Health Services Accessibility
Interviews as Topic
Includes the spectrum of human immunodeficiency virus infections that range from asymptomatic seropositivity, thru AIDS-related complex (ARC), to acquired immunodeficiency syndrome (AIDS).
Cultural and linguistic competence is a set of congruent behaviors, attitudes, and policies that come together in a system, agency, or among professionals that enables effective work in cross-cultural situations. Competence implies the capacity to function effectively as an individual and an organization within the context of the cultural beliefs, behaviors, and needs presented by consumers and their communities.
A loose confederation of computer communication networks around the world. The networks that make up the Internet are connected through several backbone networks. The Internet grew out of the US Government ARPAnet project and was designed to facilitate information exchange.
Prevention of CONCEPTION by blocking fertility temporarily, or permanently (STERILIZATION, REPRODUCTIVE). Common means of reversible contraception include NATURAL FAMILY PLANNING METHODS; CONTRACEPTIVE AGENTS; or CONTRACEPTIVE DEVICES.
Women's Health Services
Genetic Diseases, Inborn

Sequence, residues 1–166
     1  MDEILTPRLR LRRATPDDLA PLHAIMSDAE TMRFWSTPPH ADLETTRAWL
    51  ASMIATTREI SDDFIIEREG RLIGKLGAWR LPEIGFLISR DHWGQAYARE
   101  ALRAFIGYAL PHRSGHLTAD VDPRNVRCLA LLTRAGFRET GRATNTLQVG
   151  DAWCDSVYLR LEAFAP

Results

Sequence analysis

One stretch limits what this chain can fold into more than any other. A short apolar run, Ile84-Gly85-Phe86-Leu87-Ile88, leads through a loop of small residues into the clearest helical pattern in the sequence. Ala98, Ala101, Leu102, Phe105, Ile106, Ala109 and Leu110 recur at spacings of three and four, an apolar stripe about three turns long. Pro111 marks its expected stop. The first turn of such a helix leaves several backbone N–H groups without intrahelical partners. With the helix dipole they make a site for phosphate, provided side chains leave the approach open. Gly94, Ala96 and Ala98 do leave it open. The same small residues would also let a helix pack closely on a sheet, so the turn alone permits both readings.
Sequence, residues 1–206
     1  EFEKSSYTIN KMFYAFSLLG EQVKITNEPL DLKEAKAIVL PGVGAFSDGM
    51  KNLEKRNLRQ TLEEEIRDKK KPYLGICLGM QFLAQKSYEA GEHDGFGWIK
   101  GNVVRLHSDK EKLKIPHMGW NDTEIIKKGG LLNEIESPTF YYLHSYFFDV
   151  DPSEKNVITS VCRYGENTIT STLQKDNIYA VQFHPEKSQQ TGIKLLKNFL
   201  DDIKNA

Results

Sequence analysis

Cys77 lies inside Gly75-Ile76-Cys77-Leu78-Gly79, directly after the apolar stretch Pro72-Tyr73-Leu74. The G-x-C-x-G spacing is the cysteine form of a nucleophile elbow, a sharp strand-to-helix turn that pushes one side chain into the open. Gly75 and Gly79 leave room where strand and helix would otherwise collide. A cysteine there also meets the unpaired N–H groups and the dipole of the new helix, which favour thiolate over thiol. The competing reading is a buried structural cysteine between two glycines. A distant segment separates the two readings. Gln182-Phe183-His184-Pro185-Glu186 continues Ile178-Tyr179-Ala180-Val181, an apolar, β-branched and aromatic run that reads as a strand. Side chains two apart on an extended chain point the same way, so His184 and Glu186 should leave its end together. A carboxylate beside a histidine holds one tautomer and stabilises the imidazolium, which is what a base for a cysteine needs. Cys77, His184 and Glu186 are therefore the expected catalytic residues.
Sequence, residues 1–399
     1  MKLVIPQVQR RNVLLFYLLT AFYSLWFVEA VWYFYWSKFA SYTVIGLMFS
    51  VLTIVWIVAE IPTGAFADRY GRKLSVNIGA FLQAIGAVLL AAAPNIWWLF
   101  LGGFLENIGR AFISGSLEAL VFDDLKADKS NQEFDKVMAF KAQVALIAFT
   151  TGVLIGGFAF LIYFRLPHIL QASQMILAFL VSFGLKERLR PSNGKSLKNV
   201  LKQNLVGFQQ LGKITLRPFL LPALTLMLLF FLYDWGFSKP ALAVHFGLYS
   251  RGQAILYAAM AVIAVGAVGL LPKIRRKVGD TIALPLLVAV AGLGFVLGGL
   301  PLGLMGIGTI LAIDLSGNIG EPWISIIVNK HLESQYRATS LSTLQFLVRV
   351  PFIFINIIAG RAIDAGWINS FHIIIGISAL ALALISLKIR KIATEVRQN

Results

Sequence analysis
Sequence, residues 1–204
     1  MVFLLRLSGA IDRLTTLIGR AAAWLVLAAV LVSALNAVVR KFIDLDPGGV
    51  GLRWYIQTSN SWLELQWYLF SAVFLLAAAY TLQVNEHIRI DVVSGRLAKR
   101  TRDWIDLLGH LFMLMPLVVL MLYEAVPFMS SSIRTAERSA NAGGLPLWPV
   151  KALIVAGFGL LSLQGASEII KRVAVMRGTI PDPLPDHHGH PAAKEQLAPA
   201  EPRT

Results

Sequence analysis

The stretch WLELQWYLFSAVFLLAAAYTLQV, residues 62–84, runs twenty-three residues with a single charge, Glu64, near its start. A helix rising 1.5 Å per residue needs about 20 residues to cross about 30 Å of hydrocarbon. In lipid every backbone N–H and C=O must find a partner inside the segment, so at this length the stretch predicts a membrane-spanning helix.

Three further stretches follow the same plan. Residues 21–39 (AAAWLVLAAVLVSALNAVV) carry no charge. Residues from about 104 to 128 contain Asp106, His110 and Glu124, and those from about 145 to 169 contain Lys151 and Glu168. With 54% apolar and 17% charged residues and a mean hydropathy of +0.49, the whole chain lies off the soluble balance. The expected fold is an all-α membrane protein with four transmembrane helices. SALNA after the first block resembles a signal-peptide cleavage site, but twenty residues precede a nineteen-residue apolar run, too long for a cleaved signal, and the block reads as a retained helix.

Guidelines as Topic
A systematic statement of policy rules or principles. Guidelines may be developed by government agencies at any level, institutions, professional societies, governing boards, or by convening expert panels. The text may be cursive or in outline form but is generally a comprehensive guide to problems and approaches in any field of activity. For guidelines in the field of health care and clinical medicine, PRACTICE GUIDELINES AS TOPIC is available.
Extensive collections, reputedly complete, of facts and data garnered from material of a specialized subject area and made available for analysis and application. The collection can be automated by various contemporary methods for retrieval. The concept should be differentiated from DATABASES, BIBLIOGRAPHIC which is restricted to collections of bibliographic references.
Attitude to Computers
The attitude and behavior associated with an individual using the computer.
Health Knowledge, Attitudes, Practice
Health Services, Indigenous
Acquired Immunodeficiency Syndrome
An acquired defect of cellular immunity associated with infection by the human immunodeficiency virus (HIV), a CD4-positive T-lymphocyte count under 200 cells/microliter or less than 14% of total lymphocytes, and increased susceptibility to opportunistic infections and malignant neoplasms. Clinical manifestations also include emaciation (wasting) and dementia. These elements reflect criteria for AIDS as defined by the CDC in 1993.
Electronic Health Records
Media that facilitate transportability of pertinent information concerning patient's illness across varied providers and geographic locations. Some versions include direct linkages to online consumer health information that is relevant to the health conditions and treatments related to a specific patient.